Restricting unwanted immune reactions

June 7, 2018, University of Münster
Binding model: The S100A8/S100A9 protein complex (grey/beige) binds to the TLR4 receptor (rainbow-coloured) and MD2 (red) and triggers immune reactions in cells. Blocking this interaction is a new therapeutic approach. Credit: Vogl et al./ J. Clin. Invest.

The immune system often initiates its response to pathogens by activating immune cells, so-called phagocytes, which migrate to sites of inflammation. There, the phagocytes release certain proteins, including the S100A8/S100A9 heterodimeric protein complex, which triggers or amplifies the inflammatory reaction at the site of the disease. However, if too many of these complexes are released, they can exacerbate the disease; for example, this happens in the case of autoimmune, rheumatic or dermatological diseases. Researchers at the Cells-in-Motion (CiM) Cluster of Excellence at the University of Münster (Germany) have now decoded how the activity of these proteins is regulated. The leading scientists of the study, immunologists Thomas Vogl and Johannes Roth, now want to use these novel fundamental insights to develop new treatment options to combat autoimmune diseases, arthritis, allergies or inflammatory diseases of the bowel, lungs or cardiovascular system. The study was published in the Journal of Clinical Investigation.

Many scientific publications have already described the tasks of the two proteins S100A8 and S100A9. But so far, it has not been clear to researchers whether these two proteins act alone or in conjunction with each other. The Münster researchers have now been able to show that the proteins always work as a heterodimeric complex composed of both S100A8 and S100A9. As soon as it is released, the heterodimer complex binds to a TLR4-expressing cell, triggering a suitable immune response via this receptor. Importantly, the S100A8/S100A9 heterodimer complex only has a short lifetime during which to spark this initial impulse. If it does not find a suitable target cell for activation, two individual heterodimers associate to form a heterotetramer; in this form, each heterodimer complex is inactive. This mechanism guarantees that the body will only trigger an where needed—in other words, the remains localized.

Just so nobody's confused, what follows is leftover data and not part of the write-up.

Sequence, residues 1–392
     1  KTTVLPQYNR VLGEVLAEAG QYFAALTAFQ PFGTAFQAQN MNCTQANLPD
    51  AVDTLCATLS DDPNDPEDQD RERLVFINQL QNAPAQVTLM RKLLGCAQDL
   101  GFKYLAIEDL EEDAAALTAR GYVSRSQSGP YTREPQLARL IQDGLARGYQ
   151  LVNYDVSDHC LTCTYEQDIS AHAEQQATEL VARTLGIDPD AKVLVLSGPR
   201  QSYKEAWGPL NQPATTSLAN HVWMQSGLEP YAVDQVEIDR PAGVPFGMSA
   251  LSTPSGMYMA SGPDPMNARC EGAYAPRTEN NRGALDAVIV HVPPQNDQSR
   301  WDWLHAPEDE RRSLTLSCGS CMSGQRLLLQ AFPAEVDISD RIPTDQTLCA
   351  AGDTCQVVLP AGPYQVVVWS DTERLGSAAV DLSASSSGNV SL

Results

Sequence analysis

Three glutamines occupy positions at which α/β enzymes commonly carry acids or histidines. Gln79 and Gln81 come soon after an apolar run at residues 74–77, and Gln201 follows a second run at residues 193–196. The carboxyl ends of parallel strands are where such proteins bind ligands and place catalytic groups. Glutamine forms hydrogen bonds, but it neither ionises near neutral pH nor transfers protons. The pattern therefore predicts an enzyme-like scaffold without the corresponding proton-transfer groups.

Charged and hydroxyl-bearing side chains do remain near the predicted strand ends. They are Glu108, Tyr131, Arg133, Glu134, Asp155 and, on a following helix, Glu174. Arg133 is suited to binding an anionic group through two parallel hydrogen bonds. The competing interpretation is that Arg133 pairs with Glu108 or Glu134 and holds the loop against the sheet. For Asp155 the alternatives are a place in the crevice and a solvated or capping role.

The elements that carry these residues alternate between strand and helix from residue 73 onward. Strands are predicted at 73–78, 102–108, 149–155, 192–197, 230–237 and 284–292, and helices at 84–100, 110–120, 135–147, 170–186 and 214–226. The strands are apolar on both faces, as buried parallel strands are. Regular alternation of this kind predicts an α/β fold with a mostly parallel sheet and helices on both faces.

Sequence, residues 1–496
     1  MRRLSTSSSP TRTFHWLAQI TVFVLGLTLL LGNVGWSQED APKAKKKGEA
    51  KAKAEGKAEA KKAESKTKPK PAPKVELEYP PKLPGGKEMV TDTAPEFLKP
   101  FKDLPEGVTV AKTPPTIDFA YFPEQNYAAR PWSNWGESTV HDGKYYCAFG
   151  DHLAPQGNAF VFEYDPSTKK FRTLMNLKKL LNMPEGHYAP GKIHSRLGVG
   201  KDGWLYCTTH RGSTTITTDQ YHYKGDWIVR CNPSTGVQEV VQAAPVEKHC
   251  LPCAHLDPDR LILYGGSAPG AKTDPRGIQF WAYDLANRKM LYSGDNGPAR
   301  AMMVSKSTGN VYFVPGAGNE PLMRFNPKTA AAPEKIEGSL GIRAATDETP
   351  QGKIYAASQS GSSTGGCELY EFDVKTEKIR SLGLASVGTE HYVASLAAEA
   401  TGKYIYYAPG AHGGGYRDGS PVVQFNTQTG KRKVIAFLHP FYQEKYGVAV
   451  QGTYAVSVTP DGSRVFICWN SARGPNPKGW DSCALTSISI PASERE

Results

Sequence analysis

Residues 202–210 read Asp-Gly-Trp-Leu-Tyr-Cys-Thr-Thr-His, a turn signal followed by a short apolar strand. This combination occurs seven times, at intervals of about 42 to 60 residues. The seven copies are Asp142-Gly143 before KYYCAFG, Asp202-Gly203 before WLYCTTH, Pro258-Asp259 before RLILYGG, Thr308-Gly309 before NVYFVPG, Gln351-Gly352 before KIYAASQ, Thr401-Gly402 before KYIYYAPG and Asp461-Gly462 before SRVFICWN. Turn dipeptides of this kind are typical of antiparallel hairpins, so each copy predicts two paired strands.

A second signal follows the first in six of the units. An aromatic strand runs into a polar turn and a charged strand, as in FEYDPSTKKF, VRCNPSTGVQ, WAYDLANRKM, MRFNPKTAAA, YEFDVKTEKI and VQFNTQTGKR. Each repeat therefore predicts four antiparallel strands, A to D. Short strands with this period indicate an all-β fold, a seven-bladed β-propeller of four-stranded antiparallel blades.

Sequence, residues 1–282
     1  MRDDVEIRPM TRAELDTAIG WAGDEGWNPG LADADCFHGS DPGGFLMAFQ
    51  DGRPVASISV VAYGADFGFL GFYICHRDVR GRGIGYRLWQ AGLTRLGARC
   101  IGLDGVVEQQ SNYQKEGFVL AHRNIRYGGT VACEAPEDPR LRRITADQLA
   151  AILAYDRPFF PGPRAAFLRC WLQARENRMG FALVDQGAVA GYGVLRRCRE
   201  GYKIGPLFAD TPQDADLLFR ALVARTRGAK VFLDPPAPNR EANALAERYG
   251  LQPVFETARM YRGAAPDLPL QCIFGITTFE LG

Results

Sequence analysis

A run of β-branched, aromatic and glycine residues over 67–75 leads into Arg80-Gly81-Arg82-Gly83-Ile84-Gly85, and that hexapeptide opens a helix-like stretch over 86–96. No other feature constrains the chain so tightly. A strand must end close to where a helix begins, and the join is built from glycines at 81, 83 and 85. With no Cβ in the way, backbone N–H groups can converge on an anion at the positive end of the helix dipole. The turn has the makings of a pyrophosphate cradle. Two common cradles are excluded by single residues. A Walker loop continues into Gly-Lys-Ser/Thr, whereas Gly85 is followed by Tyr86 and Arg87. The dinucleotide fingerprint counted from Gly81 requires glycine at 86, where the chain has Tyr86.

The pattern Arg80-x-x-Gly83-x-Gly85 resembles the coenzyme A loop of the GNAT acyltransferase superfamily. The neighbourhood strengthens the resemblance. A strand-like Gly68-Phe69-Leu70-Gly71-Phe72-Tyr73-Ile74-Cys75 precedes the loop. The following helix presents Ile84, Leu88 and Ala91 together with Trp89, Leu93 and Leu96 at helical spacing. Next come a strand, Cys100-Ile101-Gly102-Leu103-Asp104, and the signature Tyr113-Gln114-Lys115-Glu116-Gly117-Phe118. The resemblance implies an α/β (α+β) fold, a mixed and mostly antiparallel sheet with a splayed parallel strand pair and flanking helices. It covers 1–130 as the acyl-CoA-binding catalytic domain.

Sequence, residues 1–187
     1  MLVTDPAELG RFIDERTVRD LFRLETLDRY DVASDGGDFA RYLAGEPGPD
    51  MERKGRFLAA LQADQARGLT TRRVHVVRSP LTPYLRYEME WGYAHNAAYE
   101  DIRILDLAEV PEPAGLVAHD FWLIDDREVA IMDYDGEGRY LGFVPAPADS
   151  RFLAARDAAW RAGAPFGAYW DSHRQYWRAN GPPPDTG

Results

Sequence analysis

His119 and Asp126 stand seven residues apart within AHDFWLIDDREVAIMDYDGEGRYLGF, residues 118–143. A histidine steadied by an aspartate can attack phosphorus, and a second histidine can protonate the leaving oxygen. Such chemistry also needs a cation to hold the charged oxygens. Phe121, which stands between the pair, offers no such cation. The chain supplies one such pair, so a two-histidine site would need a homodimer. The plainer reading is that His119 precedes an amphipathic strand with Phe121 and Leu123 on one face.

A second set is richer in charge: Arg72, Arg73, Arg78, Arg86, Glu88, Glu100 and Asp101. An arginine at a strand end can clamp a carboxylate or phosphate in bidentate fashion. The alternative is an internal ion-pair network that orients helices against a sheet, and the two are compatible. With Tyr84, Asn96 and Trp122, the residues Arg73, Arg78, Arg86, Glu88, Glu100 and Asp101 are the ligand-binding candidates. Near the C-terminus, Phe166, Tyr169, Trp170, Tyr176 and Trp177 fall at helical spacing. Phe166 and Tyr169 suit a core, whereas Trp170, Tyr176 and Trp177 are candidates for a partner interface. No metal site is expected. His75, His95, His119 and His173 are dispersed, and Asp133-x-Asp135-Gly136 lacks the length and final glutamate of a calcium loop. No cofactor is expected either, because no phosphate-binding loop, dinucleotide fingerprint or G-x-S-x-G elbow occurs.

The researchers also showed that if this regulation is disturbed such that not all of the excess S100A8/S100A9 heterodimer complexes can form tetramers, the result is exacerbation of : "Too many heterodimers remain active, trigger a strong immune response, and act systemically in the entire body," explains Prof. Thomas Vogl, the lead author of the study. This is a process that is behind blood poisoning, for example—but it is also relevant for many autoimmune diseases, rheumatoid arthritis, allergies, and even cardiovascular diseases.

These findings by the Münster immunologists may lead to new approaches for treating many inflammatory diseases. Currently, new drugs are already being used to block the TLR4 receptor signaling pathway to inhibit misguided immune responses. However, one problem is that sometimes, the body has to combat bacteria at the same time. As the immune system is blocked, the TLR4 receptor can no longer fulfill this important function.

"This is why we're searching for antibodies which specifically only block the S100-TLR4 axis, while the receptor is untouched, respectively free on the bacterial side," says Thomas Vogl. "These antibodies should specifically block only the active heterodimers and weaken the immune only locally, at the site of inflammation. The TLR4 receptor, which is important for immune defense, remains untouched and can trigger the suitable immune response in the case of any bacterial danger." Drugs developed according to this new approach to treat conditions like autoinflammatory disorders would therefore have fewer side effects for patients than currently existing pharmaceuticals.